Volodymyr Zelensky promises victory over the Russians in Ukraine

Ukrainian President Volodymyr Zelensky promised “victory” on Wednesday, speaking from the strategic city of Izum recaptured from the Russians, while his hometown of Kryvyi Rig was threatened with flooding after a Russian strike on water infrastructure.

Hit in the evening by seven Russian missiles, according to local authorities, Kryvyï Rig, in central Ukraine, and its 600,000 residents are facing flash flooding from a river, the Ingoulets, which threatens the city center and another neighborhood.

At the point of impact, a water flow of 100 m3 per second, which is a large volume. The water level of the Ingoulets changes every hour, said the deputy head of the presidential administration, Kyrylo Tymoshenko, while assuring that the situation is “under control.

Mr. Zelensky, for his part, denounced an “attempt to flood Kryvyi Rig”. The strike did not cause any casualties, according to the governor of the region, Valentin Reznichenko.

A few hours earlier, Mr. Zelensky had gone to Izum for his first trip to the Kharkiv region since this northeastern area was almost entirely recaptured from the Russians over the past two weeks.

A city of some 50,000 inhabitants before the war, Izum had been the subject of deadly fighting in the spring before being taken by the Russian army, which has made it a strategic supply hub.

“We are advancing only in one direction, forward, towards victory,” Zelensky wrote on Telegram on this occasion, while pointing out the extensive destruction suffered by Izioum.

Situation tense

Despite the Russian retreat against the Ukrainians, President Vladimir Putin does not consider the invasion launched on February 24 as a “mistake”, said Wednesday the German Chancellor, Olaf Scholz.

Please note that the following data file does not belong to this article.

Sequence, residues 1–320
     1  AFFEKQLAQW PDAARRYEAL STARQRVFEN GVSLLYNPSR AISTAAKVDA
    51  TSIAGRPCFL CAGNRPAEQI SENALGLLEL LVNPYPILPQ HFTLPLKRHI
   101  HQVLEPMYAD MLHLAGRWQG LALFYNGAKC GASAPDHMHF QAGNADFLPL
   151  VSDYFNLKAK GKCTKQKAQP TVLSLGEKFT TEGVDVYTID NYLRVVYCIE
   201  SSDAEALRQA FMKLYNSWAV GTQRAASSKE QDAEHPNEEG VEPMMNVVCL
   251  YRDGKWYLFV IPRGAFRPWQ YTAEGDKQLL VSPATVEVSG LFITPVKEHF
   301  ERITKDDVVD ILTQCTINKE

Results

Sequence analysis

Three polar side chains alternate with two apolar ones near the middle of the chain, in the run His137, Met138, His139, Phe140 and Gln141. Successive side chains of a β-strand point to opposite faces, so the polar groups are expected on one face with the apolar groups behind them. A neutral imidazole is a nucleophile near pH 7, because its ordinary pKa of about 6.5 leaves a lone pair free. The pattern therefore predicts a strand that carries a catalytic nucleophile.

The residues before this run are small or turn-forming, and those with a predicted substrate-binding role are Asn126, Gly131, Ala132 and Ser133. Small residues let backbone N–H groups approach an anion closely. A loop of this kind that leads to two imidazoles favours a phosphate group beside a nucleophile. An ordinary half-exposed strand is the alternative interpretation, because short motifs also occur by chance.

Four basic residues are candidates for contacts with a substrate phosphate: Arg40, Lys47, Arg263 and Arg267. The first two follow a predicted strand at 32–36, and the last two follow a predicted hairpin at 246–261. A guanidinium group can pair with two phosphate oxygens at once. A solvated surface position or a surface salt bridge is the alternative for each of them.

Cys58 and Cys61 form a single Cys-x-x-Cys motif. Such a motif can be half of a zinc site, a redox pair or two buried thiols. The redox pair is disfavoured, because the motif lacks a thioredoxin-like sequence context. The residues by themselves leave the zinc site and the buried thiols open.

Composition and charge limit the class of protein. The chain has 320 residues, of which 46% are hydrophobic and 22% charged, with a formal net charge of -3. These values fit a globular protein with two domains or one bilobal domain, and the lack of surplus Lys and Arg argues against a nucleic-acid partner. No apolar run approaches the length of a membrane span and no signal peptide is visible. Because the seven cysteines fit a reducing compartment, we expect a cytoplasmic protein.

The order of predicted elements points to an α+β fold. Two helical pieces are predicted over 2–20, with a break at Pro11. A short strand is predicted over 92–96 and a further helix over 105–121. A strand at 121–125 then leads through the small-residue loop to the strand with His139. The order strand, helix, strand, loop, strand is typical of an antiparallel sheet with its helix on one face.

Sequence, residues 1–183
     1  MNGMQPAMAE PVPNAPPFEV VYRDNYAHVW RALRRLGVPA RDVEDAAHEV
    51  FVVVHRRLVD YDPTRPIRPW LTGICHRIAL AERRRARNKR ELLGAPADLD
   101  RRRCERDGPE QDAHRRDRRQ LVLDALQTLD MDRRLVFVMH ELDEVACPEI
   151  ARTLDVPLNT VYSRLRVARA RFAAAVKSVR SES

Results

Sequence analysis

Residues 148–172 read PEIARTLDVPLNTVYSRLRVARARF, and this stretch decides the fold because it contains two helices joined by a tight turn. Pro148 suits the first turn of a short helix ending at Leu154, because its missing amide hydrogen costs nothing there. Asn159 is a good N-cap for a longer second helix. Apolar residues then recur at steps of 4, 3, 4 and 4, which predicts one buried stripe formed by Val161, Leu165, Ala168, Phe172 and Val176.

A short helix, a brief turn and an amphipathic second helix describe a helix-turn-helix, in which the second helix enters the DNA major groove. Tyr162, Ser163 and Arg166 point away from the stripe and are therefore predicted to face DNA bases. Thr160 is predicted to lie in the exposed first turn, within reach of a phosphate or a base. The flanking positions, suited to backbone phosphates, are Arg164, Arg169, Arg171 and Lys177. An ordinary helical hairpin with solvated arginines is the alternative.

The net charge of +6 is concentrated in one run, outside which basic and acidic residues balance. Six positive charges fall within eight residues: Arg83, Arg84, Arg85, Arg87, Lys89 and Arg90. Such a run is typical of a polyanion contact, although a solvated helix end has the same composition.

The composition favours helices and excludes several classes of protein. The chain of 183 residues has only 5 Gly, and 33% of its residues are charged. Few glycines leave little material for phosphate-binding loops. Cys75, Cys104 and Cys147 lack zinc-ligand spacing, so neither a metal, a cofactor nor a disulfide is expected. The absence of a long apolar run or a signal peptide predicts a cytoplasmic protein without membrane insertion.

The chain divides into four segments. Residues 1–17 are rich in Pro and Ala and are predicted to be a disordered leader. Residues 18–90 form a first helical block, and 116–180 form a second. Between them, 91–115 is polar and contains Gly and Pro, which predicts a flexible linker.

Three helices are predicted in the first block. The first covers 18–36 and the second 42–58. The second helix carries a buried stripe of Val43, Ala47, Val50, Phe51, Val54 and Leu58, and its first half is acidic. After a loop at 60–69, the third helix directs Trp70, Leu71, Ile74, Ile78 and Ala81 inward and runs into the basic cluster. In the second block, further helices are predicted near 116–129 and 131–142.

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Putin spoke by phone with UN Secretary General Antionio Guterres, welcoming “constructive cooperation” around the Zaporizhia nuclear power plant in southern Ukraine, occupied by Russia, where a delegation from the International Atomic Energy Agency (IAEA) recently visited.

He also said that Ukrainian grain, whose exports have resumed after months of blockage, should go “in priority” to the countries that need it most, not to the EU, which he has previously accused of receiving most of it.

Ukraine announced that it had taken back from the Russians in September alone thousands of square kilometers in the east and south, where the situation is “completely tense” and “very dynamic,” warned the spokeswoman for the southern command of the Ukrainian army, Natalia Goumeniouk.

For its part, the Russian army, whose strikes have caused widespread power cuts in several Ukrainian regions in recent days, said Wednesday to be shelling all Ukrainian forces, especially in the Kharkiv region.

“Massive strikes were carried out in the regions of the localities of Dvoritchna, Balaklyaya and Kupiansk,” the Russian Defense Ministry said.

In Mykolayev (South), two buildings were hit and two people died, according to local authorities. In Bakhmut, a city in the Donetsk region that Moscow has been trying to conquer for months, five civilians were killed Tuesday, the regional governor lamented.

No appeasement

In the Donetsk region, Governor Pavlo Kyrylenko reported shelling “along the entire front line. The governor of the neighboring Lugansk region, Sergei Gaidai, announced that Russian forces had regained control of the town of Kreminna.

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With the help of Western arms deliveries, Ukraine’s counter-offensive has taken back almost the entire Kharkiv region bordering Russia, and has made more modest territorial gains in the south, where it continues to hit bridges used by Russian forces.

The Ukrainian advances in September were the largest since the Russians left the outskirts of Kiev and central Ukraine in the spring after failing to capture it.

The West has imposed sanctions on Russia and increased arms shipments to the Ukrainians. European Union and NATO leaders regularly travel to Kiev to show their support for Zelensky.

The president of the European Commission, Ursula von der Leyen, announced before the European Parliament in Strasbourg (France) that she would go there on Wednesday, promising “unwavering solidarity” with Ukraine and firmness in dealing with Moscow.